Finally, the preseason has arrived.
I know what you’re thinking: You can’t wait to see Mike Zimmer’s Vikings in action tonight.
And I know what you will be thinking about a half hour after kickoff: Where’s the remote?
But with a new head coach, a bunch of intriguing newcomers and a handful of positions still far from settled, there are reasons to refrain from changing the channel, at least not until halftime.
Here are the three main things I will be watching tonight:
1. WHO STANDS OUT AT QUARTERBACK? Both Matt Cassel and Teddy Bridgewater will get reps with the first-team offense. Cassel figures to play two or three series. Bridgewater could play a couple of quarters, maybe more. A strong performance could help Cassel get some separation from Bridgewater, who has continually been praised by the coaching staff. But Bridgewater has more to gain potentially. If he plays with poise against the Raiders, the coaching staff could choose to give him even more reps with the first-team offense in camp, making it an even competition from here on out. Christian Ponder will get the leftovers, and he has something to prove to 31 other teams.
2. WHO STEPS UP AT STRONG SAFETY? The addition of noted Zimmer guy Chris Crocker says a lot about the health of the safeties or what Zimmer thinks about his current options there. Or both. The three top contenders to play next to Harrison Smith — Robert Blanton, Jamarca Sanford and Andrew Sendejo — have all missed time in camp due to injuries. Blanton won’t play tonight, and Sanford’s status is up in the air. These preseason games will play a huge role in helping Zimmer pick his second safety, as he wants to see them tackle on the back end. Don’t be surprised if the veteran Crocker is already with the first team tonight, but this competition remains wide open.
3. HOW WILL THE ROOKS FARE OUT THERE? Bridgewater isn’t the only rookie the coaching staff is eager to see. Zimmer could potentially count on a number of his draft picks this year, starting with top pick Anthony Barr, whom Zimmer will use all over the field tonight. Third-round running back Jerick McKinnon gets to run against a defense that is actually trying to tackle him. Fifth-round guard David Yankey has an outside chance to claw his way into the starting mix before Week 1. And seventh-round cornerback Jabari Price will try to carry his strong start to camp into an actual game. The preseason is an opportunity for these rookies to show they’re ready to contribute right away.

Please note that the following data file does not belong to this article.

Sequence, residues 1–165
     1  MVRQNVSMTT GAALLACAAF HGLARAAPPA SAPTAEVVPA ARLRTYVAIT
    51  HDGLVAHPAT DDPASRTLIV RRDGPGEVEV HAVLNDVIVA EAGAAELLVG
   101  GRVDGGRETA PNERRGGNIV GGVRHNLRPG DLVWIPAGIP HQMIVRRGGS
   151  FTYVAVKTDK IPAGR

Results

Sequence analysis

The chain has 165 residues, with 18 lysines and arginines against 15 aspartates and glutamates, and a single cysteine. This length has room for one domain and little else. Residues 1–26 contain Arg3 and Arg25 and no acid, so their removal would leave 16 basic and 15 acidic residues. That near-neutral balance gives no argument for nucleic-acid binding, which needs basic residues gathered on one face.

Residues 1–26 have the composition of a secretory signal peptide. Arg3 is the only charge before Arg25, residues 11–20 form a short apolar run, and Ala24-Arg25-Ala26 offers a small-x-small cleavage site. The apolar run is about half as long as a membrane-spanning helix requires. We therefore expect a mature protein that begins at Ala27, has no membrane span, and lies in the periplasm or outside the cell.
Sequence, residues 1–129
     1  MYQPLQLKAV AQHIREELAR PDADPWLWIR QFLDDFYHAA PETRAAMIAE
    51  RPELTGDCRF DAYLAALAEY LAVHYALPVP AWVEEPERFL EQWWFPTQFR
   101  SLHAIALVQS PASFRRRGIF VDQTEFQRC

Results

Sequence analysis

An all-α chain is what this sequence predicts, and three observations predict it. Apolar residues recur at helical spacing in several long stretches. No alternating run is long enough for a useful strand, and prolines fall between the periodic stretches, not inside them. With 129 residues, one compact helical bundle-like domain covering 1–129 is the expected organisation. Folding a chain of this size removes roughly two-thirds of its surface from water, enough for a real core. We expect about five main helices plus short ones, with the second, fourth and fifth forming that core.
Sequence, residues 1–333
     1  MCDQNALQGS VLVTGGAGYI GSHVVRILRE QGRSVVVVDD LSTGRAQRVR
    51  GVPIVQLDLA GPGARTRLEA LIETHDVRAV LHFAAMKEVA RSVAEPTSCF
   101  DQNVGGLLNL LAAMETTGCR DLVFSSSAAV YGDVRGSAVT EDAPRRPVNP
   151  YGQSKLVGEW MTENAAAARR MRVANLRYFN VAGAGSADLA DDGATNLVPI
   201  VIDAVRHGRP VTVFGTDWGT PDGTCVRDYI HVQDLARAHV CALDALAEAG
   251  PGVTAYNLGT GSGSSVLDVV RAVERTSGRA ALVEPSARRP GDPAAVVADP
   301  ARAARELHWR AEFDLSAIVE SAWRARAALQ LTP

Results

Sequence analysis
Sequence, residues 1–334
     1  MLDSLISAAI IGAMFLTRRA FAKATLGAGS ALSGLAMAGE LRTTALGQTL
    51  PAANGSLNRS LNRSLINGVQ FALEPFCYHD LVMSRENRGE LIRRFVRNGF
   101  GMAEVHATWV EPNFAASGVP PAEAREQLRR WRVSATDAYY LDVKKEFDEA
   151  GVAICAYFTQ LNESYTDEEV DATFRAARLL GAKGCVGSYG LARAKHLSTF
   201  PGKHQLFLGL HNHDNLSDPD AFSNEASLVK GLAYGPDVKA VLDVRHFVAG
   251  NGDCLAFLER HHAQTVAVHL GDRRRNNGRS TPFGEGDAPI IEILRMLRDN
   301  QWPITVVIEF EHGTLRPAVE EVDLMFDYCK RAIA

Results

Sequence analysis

Outside of FSN broadcaster Anthony La Panta’s hair, there is nothing in this sports world more seductive than potential.
We see it every year with hope — realistic or not — that a 0-0 team might just take that clean slate and run with it all the way to a championship. It keeps us clinging to games far longer than we should.
The Twins are down 6-1 in the eighth, but there are two men on with one out. A homer here …
The Vikings are down 24-7 in the third quarter, but they just got the ball back and they’re driving. One score here …
And so on.
Where we potential most generously ladled out into our bowls of optimism, though, is with young pro players — the ones who show flashes of brilliance early on or carry reputations for excellence, enticing you to believe they will just keep getting better and better.
We are in the midst, then, of a potentially exciting time in Minnesota sports — and most definitely an exciting time when it comes to potential. The Wild, Wolves, Timberwolves and Twins are in various stages of building, but we cannot recall a time when the four collectively had this many exciting young players or were all best suited to go the route of Clarence Swamptown and “give the keys to the kids” — essentially trusting the youngsters to lead and seeing how far it takes each team. (And yes, that’s a picture of our daughter, Anabel, in this post. She is driving us to work today just to prove how much we believe in keys/kids).
The Wild has a mix of veterans and youth, but the development of that young core was an undeniable reason for the team’s success last season and will determine if and when the team takes more steps forward. And there is more youth on the horizon.